Eitho on the other hand, the slender girl of inexhaustible nostalgia, had her mind set up on becoming a Professional Tailor, a very respectable profession in Myanmar. As luck would have it, San informed us that his wife, Daw San Dar herself was a professional tailor and he had some knowledge about the infrastructure of this profession in Burma.
Eitho wanted to learn to be a tailor. She already knew the teacher. PaPa wants to continue with a career in art and design but the best way to get there oncea gain would be to become a professional tailor and then design clothes for the Burmese. Despite poverty of many of the Burmese,one notices that they are better dressed and neat and clean than many of the western tourists who come to their country. I have also noticed this in Cuba where Cubans found it distasteful that the westerners who can afford to shower, buy soaps and good clothes don't bother to do so while visiting Cuba. No wonder the Vietnamese very politely call the western tourists to their country, The Smelly Ones.
We trooped off to the home of the teacher (zeyama in Burmese), papa win holding an umbrella over my head. We also had bought an umbrella and rain coats in Yangon anticipating this downpour. The shoes from the west were exchanged for Chinese made thongs.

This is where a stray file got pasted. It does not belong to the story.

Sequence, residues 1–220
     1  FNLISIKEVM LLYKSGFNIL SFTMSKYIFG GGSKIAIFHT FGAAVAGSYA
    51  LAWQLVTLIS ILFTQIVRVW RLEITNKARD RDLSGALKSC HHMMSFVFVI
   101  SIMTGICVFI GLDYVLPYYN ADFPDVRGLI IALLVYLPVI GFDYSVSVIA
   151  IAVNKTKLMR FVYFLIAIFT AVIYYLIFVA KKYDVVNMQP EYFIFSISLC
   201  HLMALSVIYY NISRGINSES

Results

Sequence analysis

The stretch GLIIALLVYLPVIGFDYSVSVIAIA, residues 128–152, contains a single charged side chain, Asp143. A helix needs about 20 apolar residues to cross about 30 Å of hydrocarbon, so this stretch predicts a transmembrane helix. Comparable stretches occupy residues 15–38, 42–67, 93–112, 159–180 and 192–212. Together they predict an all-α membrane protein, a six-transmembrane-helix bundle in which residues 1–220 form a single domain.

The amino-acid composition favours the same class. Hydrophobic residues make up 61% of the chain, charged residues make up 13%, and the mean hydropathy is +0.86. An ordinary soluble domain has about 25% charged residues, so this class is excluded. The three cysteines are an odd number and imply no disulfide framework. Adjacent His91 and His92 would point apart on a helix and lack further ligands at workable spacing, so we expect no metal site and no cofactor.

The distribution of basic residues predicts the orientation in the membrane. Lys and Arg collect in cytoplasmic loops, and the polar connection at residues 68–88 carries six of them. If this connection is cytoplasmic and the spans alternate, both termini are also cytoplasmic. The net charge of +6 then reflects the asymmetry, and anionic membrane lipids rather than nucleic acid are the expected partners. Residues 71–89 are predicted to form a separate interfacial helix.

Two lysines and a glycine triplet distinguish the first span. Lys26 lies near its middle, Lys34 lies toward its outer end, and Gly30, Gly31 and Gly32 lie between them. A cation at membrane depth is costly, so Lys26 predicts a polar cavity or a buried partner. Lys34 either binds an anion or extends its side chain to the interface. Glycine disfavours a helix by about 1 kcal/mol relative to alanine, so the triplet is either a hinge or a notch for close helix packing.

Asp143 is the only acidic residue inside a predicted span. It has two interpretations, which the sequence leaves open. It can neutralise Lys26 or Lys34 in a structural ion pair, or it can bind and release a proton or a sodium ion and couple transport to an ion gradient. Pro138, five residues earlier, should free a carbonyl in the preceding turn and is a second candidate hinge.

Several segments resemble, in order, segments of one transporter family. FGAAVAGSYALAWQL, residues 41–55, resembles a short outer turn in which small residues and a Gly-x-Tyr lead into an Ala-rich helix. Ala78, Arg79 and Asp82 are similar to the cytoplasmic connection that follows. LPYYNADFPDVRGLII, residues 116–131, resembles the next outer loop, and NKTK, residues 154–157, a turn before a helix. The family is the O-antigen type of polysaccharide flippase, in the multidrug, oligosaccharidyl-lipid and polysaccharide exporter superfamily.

Through the mud and puddles and passed by the monastery, where we dropped in to say Hello to the young abbot who received us kindly and we prayed for a good future for these two children. I had met him on two other occasions and he is of some repute since he travels to various other monasteries to teach.
Zeyama lived in a house a bit better off by the local standards. Two or three machines, two Chinese and one Singer were standing like sentinels at the entrance. This kind woman, promised to take on Ei Tho as a student, ad libitum, she can come and learn. And later on help zeyama with her work.
But she would need a machine for herself and a scissors and atape and clothes to practise on . At the end of the course, which is to take six months she can set herself up in the village as a tailor, since the zeyama felt that in six months EiTho could be proficient.
PaPa had been thinking about her future too. She gave me a long letter written the night before , in Burmese, which San translated for me. It detailed the difficulties of studying art and design at the moment and her desire to entire her dream through dress design and the most feasible option was also to become a professional tailor. We went back to the zeyama since there were not many teachers for this art in this small village and she kindly agreed to take on PaPa win as well as a student. Once again , a machine and the accoutrements.